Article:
Chesterton’s booklet also promises relief in terms of the frequent  xation on
the state in the analysis of eugenic programmes and strategies. His reasoning makes
is "solution proposal" already appeared in the classical political economy at the end of the 18th
and the beginning of the 19th century, in the works of Joseph Townsend and  omas Malthus. In
his famous book on the law of population, Malthus determined unequivocally "that when the wages
of labour will not maintain a family, it is an incontrovertible sign that their king and country do not
want more subjects, or at least that they cannot support them; that if they marry in this case, so far
from ful lling a duty to society, they are throwing a useless burden on it" [10]
3 Ironically, Chesterton’s diagnosis is con rmed by the reception of the book.  e EugenicsReviewcom-
mented the essay in the following words: “ e only interest in this book is pathological. It is a revela-
tion of the ineptitute to which ignorance and blind prejudice may reduce an intelligent man.” [11]
4 Historian Edwin Black's book on the history of eugenics in the US [12] already incorporates in its
title Chesterton's idea (as well is its wording) that eugenic measures are directed primarily against
social minorities and the poor [4].
Lemke T.,  e Tyranny of the Future: G.K. Chesterton and the Paradoxes of Eugenics
it clear that it is not only the state or some kind of state-medical complex that is
responsible for the historical development and social acceptance of eugenics. Ulti-
mately, according to his theory, eugenics serves to obfuscate and safeguard capitalist
domination. For all his dislike of sociology and sociologists who frequently sup-
ported eugenic projects and ideas, particularly in Britain and the US,5 Chesterton’s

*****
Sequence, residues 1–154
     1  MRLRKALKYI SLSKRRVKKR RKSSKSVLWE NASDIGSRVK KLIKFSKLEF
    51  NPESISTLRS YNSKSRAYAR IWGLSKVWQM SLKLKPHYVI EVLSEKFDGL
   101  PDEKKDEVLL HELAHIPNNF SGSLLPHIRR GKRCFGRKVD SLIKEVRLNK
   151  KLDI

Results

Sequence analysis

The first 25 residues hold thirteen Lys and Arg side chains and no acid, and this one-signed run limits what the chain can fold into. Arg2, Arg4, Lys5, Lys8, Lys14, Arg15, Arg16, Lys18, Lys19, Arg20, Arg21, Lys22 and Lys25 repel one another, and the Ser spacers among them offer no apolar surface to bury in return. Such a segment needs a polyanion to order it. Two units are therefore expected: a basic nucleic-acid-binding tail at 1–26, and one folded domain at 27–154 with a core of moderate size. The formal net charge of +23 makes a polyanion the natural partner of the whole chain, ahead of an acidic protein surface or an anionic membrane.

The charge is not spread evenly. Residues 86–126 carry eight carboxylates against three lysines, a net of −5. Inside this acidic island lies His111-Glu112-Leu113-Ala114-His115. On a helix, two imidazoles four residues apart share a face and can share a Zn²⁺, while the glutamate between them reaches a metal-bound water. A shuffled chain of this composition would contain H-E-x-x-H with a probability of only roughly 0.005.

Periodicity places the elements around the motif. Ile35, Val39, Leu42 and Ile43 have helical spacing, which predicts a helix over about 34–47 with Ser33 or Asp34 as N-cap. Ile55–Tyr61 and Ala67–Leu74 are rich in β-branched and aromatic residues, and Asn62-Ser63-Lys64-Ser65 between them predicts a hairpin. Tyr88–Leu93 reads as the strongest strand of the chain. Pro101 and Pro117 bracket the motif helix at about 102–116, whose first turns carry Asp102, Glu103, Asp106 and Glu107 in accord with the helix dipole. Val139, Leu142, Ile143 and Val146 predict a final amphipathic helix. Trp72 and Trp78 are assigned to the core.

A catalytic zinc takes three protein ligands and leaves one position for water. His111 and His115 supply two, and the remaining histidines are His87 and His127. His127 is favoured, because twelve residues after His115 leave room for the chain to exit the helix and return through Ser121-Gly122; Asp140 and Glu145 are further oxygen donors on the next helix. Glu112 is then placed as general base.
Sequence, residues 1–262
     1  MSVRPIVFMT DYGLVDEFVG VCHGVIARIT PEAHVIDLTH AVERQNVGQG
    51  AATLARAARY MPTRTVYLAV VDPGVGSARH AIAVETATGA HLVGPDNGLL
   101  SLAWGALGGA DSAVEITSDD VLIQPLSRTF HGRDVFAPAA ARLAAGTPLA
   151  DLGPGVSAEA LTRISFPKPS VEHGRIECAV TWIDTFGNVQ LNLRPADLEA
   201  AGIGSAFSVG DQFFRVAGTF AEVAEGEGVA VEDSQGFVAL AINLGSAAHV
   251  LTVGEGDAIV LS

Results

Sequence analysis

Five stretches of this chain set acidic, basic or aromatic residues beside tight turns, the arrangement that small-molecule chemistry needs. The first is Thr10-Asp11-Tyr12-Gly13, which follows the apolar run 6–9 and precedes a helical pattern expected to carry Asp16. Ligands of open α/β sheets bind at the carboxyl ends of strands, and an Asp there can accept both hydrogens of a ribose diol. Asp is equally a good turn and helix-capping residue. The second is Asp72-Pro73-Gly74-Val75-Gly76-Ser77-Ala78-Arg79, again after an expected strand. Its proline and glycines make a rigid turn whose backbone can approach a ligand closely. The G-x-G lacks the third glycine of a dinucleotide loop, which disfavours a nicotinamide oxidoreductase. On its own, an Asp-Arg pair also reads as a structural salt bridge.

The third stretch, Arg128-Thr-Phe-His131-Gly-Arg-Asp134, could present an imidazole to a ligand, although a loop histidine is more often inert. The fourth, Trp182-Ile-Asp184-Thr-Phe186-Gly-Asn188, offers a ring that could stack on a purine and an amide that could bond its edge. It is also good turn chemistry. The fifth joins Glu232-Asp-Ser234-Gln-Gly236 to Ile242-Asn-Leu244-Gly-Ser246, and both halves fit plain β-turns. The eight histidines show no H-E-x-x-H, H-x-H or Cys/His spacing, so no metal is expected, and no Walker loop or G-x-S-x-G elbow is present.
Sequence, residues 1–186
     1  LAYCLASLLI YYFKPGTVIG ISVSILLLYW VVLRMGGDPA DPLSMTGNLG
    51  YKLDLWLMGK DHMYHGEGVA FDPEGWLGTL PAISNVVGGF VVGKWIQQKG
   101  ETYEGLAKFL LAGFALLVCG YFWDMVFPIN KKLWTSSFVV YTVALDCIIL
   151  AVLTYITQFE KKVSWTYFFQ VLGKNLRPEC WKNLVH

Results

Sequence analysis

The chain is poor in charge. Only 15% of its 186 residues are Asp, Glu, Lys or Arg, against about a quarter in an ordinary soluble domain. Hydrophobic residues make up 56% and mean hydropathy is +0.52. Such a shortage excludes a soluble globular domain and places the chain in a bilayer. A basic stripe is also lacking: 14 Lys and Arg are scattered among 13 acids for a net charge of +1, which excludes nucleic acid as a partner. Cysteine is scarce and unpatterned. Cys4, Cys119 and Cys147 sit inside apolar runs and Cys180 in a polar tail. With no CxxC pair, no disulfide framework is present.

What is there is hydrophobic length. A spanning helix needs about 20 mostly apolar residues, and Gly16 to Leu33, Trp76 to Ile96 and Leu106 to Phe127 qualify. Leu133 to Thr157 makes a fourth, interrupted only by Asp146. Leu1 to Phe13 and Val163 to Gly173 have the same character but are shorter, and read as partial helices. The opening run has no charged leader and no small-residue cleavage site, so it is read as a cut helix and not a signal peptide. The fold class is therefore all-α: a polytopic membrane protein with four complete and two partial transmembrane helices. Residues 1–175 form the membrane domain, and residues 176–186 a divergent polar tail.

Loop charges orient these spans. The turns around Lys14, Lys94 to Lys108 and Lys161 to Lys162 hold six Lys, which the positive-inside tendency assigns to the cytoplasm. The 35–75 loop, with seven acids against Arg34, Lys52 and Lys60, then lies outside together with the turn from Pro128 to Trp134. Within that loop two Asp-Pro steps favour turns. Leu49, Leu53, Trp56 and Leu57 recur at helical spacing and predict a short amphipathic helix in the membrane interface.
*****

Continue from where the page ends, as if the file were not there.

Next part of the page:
reasoning here is basically sociological. He seeks and  nds the social driving forces
“behind” or “under” the eugenic movement. He analyses these especially in the sec-
ond part of his essay, which is entitled “ e real aim. In brief, Chesterton comes to
the conclusion that capitalism and the social distortions and problems it brings about
form the material basis for the emergence of eugenic programmes. In simpler terms:
“at root the Eugenist is the Employer” [4]. To paraphrase the famous dictum of Max
Horkheimer, one could say: Whoever is not prepared to talk about capitalism should
also remain silent about eugenics.6
However, Chesterton’s critique of capitalism should not be understood as ad-
vocacy of the socialist alternative; on the contrary, he is far more concerned about
showing that socialism does not represent an alternative model [4]. Chesterton was
as critical of socialism as of capitalism [1, 17].7In his opinion, both consider humans
to be predictable andcalculable and pursue the idea of improving them in terms of
societal objectives. Eugenic ideas and practices were not limited to Western countries
or liberal capitalist societies. A er the successful October Revolution, the Soviet Un-
ion pressed ahead with the project of socialist eugenics, and many British socialists
also agreed with the eugenic ideals that Chesterton dealt with in detail [18, 19, 20,
Chesterton’s analysis reveals the deep dimensions of a political rationality that
both social formations have in common. In his analysis, he at times comes very close
to what the French philosopher Michel Foucault dubbed “biopolitics” in the 1970s.
With this term, Foucault describes the break in the history of political thinking and
action: “the entry of phenomena peculiar to the life of the human species in the order
of knowledge and power, into the sphere of political techniques” [22]. He postulates
that, in the 18th century, a new form of power arises that has two “poles of devel-
opment” [22], disciplining individuals and regulating the population. According to
Foucault, sexuality and its control play a prominent role here, resulting from its posi-
tion as a “pivot” [22] between both types of power. Sexuality represents a physical be-
haviour that is subject to normative expectations and open for disciplinary measures;
at the same time, it is subject to population policy measures due to its importance
5 One of the most important articles by Francis Galton on the issue of eugenics, for example, was  rst